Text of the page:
Breastfeeding and the Workplace

In the United States, the number of working women increases yearly. As the number of working mothers increases, so does concern over how employers can best support them. After a certain point (such as after maternity leave), most working parents must decide whether to continue breastfeeding or begin using formula.  Well-respected institutions, health care professionals, and public health officials have begun to strongly support breastfeeding; the American Academy of Pediatrics issued a policy statement that recommends breastfeeding for at least 6 months.1 Employers are becoming more supportive of breastfeeding, due in part to the realization that breastfeeding can help their businesses.

Benefits for Businesses

The benefits of breastfeeding for businesses include the following:  

  • Breast-milk contains antibodies that protect infants from certain bacteria and viruses, which leads to fewer illnesses. Fewer sicknesses for the child means fewer absences for the working mother, which ultimately leads to greater productivity for the company. One study found that non-breastfeeding mothers were absent from the worksite three times as often (due to babies' illnesses) as breastfeeding mothers.
  • Breastfeeding lowers the health care costs of the employee. Breastfeeding not only makes infants healthier, but also helps mothers return to pre-pregnancy weight quicker and leads to a reduced risk of osteoporosis and pre-menopausal breast cancer.2
  • Breastfeeding women who are supported by their employers often report higher loyalty, happiness, and productivity, all of which  support successful companies.1
  • Employers actually save money by allowing their employees to return to work while breastfeeding, as there is less turnover and fewer losses of skilled employees due to childbirth.3 Companies then do not  have to spend additional money on training new employees and are able to pay for a shorter maternity leave.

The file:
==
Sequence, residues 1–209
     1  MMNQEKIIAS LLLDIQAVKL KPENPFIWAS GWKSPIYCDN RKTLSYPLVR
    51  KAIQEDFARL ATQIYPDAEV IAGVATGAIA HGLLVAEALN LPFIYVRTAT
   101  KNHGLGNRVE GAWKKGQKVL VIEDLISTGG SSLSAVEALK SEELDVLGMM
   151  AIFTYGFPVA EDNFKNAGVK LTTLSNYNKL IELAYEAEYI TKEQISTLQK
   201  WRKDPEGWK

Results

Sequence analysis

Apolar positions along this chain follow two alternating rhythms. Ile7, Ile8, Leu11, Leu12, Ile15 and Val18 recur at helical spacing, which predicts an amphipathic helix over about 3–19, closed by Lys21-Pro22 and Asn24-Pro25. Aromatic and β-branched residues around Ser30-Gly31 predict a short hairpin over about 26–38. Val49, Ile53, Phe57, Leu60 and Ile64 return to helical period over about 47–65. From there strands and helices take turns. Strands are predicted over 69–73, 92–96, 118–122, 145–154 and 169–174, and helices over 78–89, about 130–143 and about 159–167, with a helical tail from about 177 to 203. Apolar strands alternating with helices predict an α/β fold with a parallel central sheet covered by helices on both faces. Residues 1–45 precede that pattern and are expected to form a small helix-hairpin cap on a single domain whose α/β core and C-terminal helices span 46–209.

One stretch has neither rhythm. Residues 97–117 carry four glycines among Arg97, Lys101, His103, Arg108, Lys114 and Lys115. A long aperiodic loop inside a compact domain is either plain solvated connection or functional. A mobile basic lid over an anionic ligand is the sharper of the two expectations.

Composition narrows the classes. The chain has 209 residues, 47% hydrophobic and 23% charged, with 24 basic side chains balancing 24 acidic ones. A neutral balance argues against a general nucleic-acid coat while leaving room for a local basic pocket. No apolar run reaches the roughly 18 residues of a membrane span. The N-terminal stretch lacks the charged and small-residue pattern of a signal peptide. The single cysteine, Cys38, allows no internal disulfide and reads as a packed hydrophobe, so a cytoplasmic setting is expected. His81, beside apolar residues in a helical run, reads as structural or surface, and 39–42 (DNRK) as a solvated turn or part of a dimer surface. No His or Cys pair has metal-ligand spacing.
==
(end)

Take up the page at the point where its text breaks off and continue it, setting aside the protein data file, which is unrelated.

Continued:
Benefits for Mothers

The benefits of continuing to breastfeed after returning to work include the following:

  • They save money because they do not have to buy formula.
  • They are providing the best nutrition for their child.
  • The miss less work (because breastfed-babies get sick less often than formula-fed babies).
  • They are able to maintain  the special bond and closeness of breastfeeding despite being separated.
  • They are able to continue breastfeeding for longer because they do not cease lactation.

Deciding to Continue to Breastfeed

There are many steps to take after deciding to continue to breastfeed while employed, which include the following:

  • Communicate with your employer. In the United States, the Protection and Affordable Care Act requires employers to provide mothers of children younger than 1 year break time and a private place to pump their breast milk other than a bathroom.3 Make sure that there is an appropriate, safe place to store your breast milk throughout the day.
  • Establish a good milk supply after the baby is born and before the mother returns to work or school. This will make it much easier to maintain the milk supply when mother and child are separated.
  • Pump multiple times a day, every 3 hours is the recommended amount. Milk supply can diminish if you do not pump frequently enough, so it is important to remember to pump at work.1
  • Find a well-trained daytime caregiver who shares your commitment to breastfeeding to ensure that the child will be properly cared for throughout the day.

Breastfeeding at work is a great way to continue to provide the best nutrition for the child while keeping the bond between mother and baby.



1. “How Breastfeeding Benefits You and Your Baby." BabyCenter .

2. “Breastfeeding State Laws.” NCSL: National Conference of State Legislatures.

3. “Breastfeeding After You Return to Work.” Breastfeeding and Working.

Last Updated 17 February 2015.